The analysis revealed that three genes in particular -- sul1, sul2, and intI1-- known to aid resistance to common antibiotics, sulfonamides, were found to be up to 30 times greater on the microplastic biofilms than in the lab's control tests using sand biofilms after just three days.
When the team spiked the samples with the antibiotic, sulfamethoxazole (SMX), they found it further amplified the antibiotic resistance genes by up to 4.5-fold.
"Previously, we thought the presence of antibiotics would be necessary to enhance antibiotic-resistance genes in these microplastic-associated bacteria, but it seems microplastics can naturally allow for uptake of these resistance genes on their own," said Pham. "The presence of antibiotics does have a significant multiplier effect, however."
Eight different species of bacteria were found highly enriched on the microplastics. Among these species, the team observed two emerging human pathogens typically linked with a respiratory infection, Raoultella ornithinolytica and Stenotrophomonas maltophilia, frequently hitchhiking on the microplastic biofilms.
The team says the most common strain found on the microplastics by far, Novosphingobium pokkalii, is likely a key initiator in forming the sticky biofilm that attracts such pathogens -- as it proliferates it may contribute to the deterioration of the plastic and expand the biofilm.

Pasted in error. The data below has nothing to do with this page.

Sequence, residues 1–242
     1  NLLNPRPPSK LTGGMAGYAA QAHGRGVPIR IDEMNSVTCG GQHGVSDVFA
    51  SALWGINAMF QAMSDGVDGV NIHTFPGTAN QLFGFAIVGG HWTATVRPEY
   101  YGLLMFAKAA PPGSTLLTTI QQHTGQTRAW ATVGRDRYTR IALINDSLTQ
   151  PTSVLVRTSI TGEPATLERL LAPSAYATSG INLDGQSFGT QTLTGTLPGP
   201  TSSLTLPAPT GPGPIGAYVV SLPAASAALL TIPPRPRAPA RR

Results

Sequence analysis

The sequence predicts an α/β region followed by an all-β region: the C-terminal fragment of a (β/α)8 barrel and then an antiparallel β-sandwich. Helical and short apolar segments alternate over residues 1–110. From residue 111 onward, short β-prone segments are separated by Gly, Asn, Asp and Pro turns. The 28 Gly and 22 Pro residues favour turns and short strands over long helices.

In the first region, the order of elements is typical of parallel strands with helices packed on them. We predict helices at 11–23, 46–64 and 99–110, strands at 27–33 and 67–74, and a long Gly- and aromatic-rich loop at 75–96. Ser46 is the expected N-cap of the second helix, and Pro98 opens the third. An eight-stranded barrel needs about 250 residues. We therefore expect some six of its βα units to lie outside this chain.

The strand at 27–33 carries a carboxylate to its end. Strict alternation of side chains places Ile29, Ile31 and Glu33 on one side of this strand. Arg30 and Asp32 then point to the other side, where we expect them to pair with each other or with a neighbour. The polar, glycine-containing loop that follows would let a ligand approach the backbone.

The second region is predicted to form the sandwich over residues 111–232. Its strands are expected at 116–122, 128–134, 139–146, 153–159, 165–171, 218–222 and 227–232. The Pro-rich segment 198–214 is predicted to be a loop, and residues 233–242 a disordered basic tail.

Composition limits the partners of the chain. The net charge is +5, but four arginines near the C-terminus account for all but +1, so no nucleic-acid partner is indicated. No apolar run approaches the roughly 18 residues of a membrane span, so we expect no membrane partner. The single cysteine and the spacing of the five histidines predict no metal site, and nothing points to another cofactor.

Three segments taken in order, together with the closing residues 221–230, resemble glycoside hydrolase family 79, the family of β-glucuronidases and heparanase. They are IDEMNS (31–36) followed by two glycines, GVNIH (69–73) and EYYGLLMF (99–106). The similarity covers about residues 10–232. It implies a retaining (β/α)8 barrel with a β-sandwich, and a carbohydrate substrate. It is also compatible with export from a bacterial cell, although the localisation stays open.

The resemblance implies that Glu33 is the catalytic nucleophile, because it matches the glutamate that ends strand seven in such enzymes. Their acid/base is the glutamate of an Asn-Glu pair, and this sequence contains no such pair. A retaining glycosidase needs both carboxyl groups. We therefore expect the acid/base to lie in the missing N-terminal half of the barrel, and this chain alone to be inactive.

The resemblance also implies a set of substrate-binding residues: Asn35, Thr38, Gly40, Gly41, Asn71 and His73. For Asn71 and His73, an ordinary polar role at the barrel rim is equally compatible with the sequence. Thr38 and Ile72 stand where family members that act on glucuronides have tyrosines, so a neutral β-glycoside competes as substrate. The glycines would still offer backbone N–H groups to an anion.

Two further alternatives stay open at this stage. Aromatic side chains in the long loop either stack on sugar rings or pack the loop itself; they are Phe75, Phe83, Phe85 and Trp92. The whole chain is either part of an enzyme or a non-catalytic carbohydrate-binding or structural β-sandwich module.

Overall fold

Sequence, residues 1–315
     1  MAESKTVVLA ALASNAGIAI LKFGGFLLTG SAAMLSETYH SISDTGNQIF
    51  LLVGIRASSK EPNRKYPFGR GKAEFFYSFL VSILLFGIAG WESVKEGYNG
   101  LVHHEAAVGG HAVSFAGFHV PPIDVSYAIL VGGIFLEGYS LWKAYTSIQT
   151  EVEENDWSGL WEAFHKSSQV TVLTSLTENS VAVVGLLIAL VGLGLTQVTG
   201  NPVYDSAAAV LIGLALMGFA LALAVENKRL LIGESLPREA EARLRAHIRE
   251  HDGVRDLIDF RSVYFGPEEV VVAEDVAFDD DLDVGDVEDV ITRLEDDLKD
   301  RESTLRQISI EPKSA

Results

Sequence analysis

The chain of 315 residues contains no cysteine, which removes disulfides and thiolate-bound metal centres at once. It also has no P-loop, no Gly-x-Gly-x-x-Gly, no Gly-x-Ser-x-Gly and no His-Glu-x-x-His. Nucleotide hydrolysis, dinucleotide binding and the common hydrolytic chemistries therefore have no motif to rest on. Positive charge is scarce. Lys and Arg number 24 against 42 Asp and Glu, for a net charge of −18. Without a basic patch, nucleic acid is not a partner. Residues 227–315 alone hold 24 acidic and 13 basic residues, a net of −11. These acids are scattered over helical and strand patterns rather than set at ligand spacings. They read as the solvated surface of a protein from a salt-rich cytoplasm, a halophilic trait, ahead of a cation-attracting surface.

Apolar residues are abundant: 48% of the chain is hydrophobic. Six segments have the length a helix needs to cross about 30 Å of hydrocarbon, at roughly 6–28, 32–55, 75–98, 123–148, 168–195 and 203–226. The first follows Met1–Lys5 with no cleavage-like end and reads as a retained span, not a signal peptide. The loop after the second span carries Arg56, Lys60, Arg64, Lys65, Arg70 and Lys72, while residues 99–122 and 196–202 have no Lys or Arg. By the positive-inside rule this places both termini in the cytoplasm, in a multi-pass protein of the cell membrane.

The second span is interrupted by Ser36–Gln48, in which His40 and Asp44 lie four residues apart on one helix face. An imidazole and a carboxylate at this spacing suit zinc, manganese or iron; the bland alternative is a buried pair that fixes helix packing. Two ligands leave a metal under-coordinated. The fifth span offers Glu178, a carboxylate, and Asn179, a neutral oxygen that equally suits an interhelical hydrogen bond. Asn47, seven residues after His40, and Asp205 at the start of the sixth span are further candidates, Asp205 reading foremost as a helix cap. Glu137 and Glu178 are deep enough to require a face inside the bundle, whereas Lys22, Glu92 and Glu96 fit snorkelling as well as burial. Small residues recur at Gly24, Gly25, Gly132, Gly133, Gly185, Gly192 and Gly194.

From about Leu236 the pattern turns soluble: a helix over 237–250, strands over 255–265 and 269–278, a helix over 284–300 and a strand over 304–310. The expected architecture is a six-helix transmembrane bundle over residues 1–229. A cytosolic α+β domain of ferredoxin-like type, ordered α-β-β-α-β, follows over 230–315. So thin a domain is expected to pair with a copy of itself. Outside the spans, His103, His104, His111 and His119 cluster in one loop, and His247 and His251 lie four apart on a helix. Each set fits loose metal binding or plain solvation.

At the same time, the team's study highlighted the role of the gene, intI1, a mobile genetic element chiefly responsible for enabling the exchange of antibiotic resistance genes among the microplastic-bound microbes.
"We might think of microplastics as tiny beads, but they provide an enormous surface area for microbes to reside," explained Li. "When these microplastics enter the wastewater treatment plant and mix in with sludge, bacteria like Novosphingobium can accidentally attach to the surface and secrete glue-like extracellular substances. As other bacteria attach to the surface and grow, they can even swap DNA with each other. This is how the antibiotic resistance genes are being spread among the community."
"We have evidence that the bacteria developed resistance to other antibiotics this way as well, such as aminoglycoside, beta-lactam and trimethoprim," added Pham.
Now, Li says the lab is further studying the role of Novosphingobium in biofilm formation on microplastics. The team is also seeking to better understand the extent to which such pathogen-carrying microplastics may be bypassing water treatment processes, by studying the resistance of microplastic biofilms during wastewater treatment with disinfectants such as UV light and chlorine.
"Some states are already considering new regulations on the use of microplastics in consumer products. This study raises calls for further investigation on microplastic biofilms in our wastewater systems and development of effective means for removing microplastics in aquatic environments," said Li.